4. Invite others to share their stories
Find or create an event at work where people of different faiths might be able to share their background. At a recent diversity town hall at Salesforce, for example, a Sikh shared the challenging moment when his 4-year-old daughter saw her father being stopped at airport security because of his turban and realized they were different from everyone else. This story sheds light on the struggles in the Sikh community and reminds us all to have empathy for each other.
Invite someone from a different faith to share at your congregation or leadership meetings -- not about theology but about their community, the challenges they face, and how your groups can collaborate.
5. Send support after a tragedy
Pay attention to the news. If you hear of an attack on a specific faith community, such as the Pittsburg, Christchurch, or Sri Lanka attacks on Jews, Muslims, and Christians in recent years:
Contact individual members of that community at your company or in your neighborhood and ask how they are doing.
Start an internal post at work offering words of support to people in that community.
Start a card (physical or online) where your congregation can write words of support. Send it to your local mosque or temple as appropriate.
6. Host a Vigil after an attack
Imagine what a vigil might look like at your company for a faith community that is hurting in the wake of an attack. See Salesforce's vigils for Muslims, Christians, Jews, and Sikh employees after tragic attacks on these communities. Take a first step by chatting with someone about this idea, such as a Diversity & Inclusion leader. Here are some ideas for a vigil:
Invite employees of that faith to share the impact on them.
Light candles for the victims.
Finding a charity that employees can donate to.
Have a professional or non-profit partner from that faith explain the challenges for this population. Organize a volunteer event with a non-profit from that faith tradition. After our vigil for the Tree of Life shooting, for example, we partnered with a local Jewish organization, Chabad of San Francisco, to pack hygiene kits for their homeless outreach programs.
Avoid topics of theology and focus on traditions, stories, and philanthropy.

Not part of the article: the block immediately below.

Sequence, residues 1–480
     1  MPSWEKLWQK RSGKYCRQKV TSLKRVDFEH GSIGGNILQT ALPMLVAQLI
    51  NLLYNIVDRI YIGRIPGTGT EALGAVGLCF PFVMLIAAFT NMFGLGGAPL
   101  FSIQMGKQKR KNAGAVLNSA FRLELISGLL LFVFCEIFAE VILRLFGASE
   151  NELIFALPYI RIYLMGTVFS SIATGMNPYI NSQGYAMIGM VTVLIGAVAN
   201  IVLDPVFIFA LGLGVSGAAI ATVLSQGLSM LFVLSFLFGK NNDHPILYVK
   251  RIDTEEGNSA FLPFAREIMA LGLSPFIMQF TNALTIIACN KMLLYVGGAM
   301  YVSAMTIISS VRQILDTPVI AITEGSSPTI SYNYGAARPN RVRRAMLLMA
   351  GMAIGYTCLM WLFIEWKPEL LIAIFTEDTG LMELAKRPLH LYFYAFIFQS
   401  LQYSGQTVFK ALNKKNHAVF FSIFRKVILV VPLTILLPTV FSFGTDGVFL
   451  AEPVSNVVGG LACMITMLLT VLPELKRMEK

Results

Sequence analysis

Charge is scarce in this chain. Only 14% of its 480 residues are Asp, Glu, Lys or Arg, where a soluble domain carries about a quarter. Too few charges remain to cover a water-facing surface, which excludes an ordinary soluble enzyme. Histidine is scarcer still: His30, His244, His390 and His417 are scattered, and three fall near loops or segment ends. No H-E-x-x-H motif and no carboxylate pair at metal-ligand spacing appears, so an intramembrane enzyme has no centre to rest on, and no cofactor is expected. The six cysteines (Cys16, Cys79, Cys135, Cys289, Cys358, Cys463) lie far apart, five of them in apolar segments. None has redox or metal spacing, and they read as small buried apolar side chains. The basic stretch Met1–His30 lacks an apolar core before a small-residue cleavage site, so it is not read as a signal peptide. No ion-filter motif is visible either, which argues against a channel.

7. Drop the Christianese
Words like "salvation," "lost," and "non-believer" are unnecessary barriers between you and the 5 billion people who follow a different belief system. They are hurtful to people very much see themselves as "believers" and "found." Use everyday language, and imagine how you would feel if a Muslim, Sikh, or Jehovah's Witness referred to you as "the lost."
These actions often stir up concern from Christians who legitimately worry about crossing the line with our own faith. After all, the number one thing we are never to do is worship other Gods. And I never do. Here's the top objections and how I draw that line.
Don't these actions suggest endorsement of other beliefs? No. Loving people and respectfully hearing their stories is not the same as endorsing their beliefs. You don't have to agree with someone theologically to listen to them. Every person on this earth, regardless of their beliefs, is a child of God and worthy of love and respect.
By celebrating other faith holidays, am I worshiping other gods? No. There's a difference between learning about a religion or supporting a friend, and worshipping their gods. Most celebrations won't include worship; if they do, simply appreciate the beauty of that tribute and take the opportunity to instead say your own prayer.
Does interfaith mean "all faiths are the same" (i.e. "squishy spirituality")? No. Interfaith in this context is not a theological position, but rather an organizational structure where different faiths work together on common goals (like community outreach), listen to each other's stories, and learn about each other's traditions. "Interfaith" in this context maintains and honors the distinctions of each faith.
What if practicing our faith could be less about our needs, and more about understanding the needs of others, hearing their stories, and partnering with them on common goals? What is one thing you, your company, or your congregation can do this month to love your neighbors of different faiths?
About Faithforce: Faithforce is Salesforce's Faith employee resource group. We welcome people of all faiths, or none, to come together and cultivate a culture of empathy and belonging. We fight fear and bias with friendship and dialog. For more information, watch Sue's keynote address at the Faith@Work ERG Conference in Washington, DC.
“You shall love the Lord your God with all your heart and with all your soul and with all your mind. This is the great and first commandment. And a second is like it: You shall love your neighbor as yourself.” (Matthew 22:37-39)
"Therefore go and make disciples of all nations" (Matthew 28:19)